Four Key Ways Attorneys Can Help an Expert Witness Perform their Best

Scripta Ad Astra is extremely pleased to present a guest post by Michal Longfelder, Esq.  Ms. Longfelder is an expert witness in the field of HR law and workplace investigations.

Author: Michal Longfelder, Esq.

We, as expert witnesses, often provide a necessary and critical part of your litigation strategy. By speaking to unique questions or facts, we can be a significant element of a successful outcome.

 

1. Know why you want me as your expert witness and for what purpose

Like most expert witnesses, while I can opine on a range of subject matters; I need to know exactly how I can be most helpful.  Take the time to learn about and understand my background so you are sure that I am best suited for this case.    For example, many attorneys do not realize that the HR function has evolved into specific areas of specialization and, as a result, many HR professionals no longer have a broad generalist background but rather, a narrow, expertise in a particular HR function such as organizational development.  If your case requires expertise in disability accommodations, make sure that the expert has substantial experience in that particular sphere of the HR function.

2. Retain me as a consultant in advance of retaining me as an expert

Many attorneys, in an earnest effort to keep litigation costs down, do not retain an expert until shortly before depositions begin.  By retaining me as a consultant early on and under your direction, earlier, we will both know how I view your case’s relative strengths and weaknesses without being subject to discovery.  Questions such as whether there are enough “good facts” to make it worth litigating are better answered sooner than later. Retaining me early as a consultant also affords you the opportunity to consider the settlement value of your case or whether my opinions have implications for other aspects of your litigation strategy.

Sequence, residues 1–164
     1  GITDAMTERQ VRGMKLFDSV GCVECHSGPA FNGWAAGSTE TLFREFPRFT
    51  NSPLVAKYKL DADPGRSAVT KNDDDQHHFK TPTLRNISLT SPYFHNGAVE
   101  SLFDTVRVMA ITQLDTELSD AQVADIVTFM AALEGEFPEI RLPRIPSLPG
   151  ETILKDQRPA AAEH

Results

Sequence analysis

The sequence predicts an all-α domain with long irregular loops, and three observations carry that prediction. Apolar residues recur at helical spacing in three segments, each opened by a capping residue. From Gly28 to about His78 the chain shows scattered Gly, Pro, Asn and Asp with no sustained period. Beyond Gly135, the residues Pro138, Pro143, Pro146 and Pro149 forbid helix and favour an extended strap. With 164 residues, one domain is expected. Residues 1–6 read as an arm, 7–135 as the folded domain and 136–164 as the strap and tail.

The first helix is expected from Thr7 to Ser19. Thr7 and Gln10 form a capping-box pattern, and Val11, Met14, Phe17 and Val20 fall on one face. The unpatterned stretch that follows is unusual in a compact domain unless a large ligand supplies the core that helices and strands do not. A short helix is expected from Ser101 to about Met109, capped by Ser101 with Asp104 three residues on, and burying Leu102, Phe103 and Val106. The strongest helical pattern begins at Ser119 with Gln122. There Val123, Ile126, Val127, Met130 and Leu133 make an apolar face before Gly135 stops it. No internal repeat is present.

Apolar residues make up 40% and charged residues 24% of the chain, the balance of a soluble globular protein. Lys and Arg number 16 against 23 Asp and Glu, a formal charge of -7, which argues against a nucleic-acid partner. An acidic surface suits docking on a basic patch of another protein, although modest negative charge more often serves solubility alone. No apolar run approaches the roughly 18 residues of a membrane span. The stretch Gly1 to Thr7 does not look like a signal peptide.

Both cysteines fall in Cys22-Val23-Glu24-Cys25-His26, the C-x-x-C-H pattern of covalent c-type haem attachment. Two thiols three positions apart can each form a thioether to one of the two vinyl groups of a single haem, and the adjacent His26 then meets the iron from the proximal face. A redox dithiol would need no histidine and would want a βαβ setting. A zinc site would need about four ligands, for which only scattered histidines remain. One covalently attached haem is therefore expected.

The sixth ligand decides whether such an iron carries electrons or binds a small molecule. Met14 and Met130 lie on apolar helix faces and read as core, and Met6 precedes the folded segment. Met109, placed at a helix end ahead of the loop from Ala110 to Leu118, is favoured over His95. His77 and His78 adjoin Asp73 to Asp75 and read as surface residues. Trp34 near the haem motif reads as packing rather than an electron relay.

When carefully selected and utilized, expert witnesses can strengthen your case to opposing counsel and a jury.   By planning in advance why, when and how to make the best use of my expertise and experience, you and your client will have confidence in the expert witness you have selected.

3. Take the time to prepare me for deposition

I am also an attorney, so counsel often assumes I do not require much, if any, prepping for deposition.  Here, you are the expert on the case and I need to learn from you.  Tell me about the weaknesses you perceive will be a challenge. Most importantly, tell me what questions I should expect from opposing counsel so I can think about how I will respond.

4. Think about my role at trial

Will you want me in the role of “storyteller” who summarizes the relevant information and provides guidance as to how the jury should assess and interpret the information presented by others?  Or would I be more useful testifying on a discrete but critical issue in the case?  Perhaps I will be part of building the facts necessary to effectively try or defend the case?  Finally, consider whether I will be more effective testifying for a shorter or extended period of time.

Summary:

When carefully selected and utilized, expert witnesses can strengthen your case to opposing counsel and a jury.   By planning in advance why, when and how to make the best use of my expertise and experience, you and your client will have confidence in the expert witness you have selected.

 

Michal Longfelder, founder and principal of Employment Matters, is an employment attorney with an exclusive focus on workplace investigations, internal mediations and executive coaching.   She may be reached at WWW.EMPLOYMENTMATTERS-ML.COM michal@employmentmatters-ml.com

Tel: 415-297-3285

 

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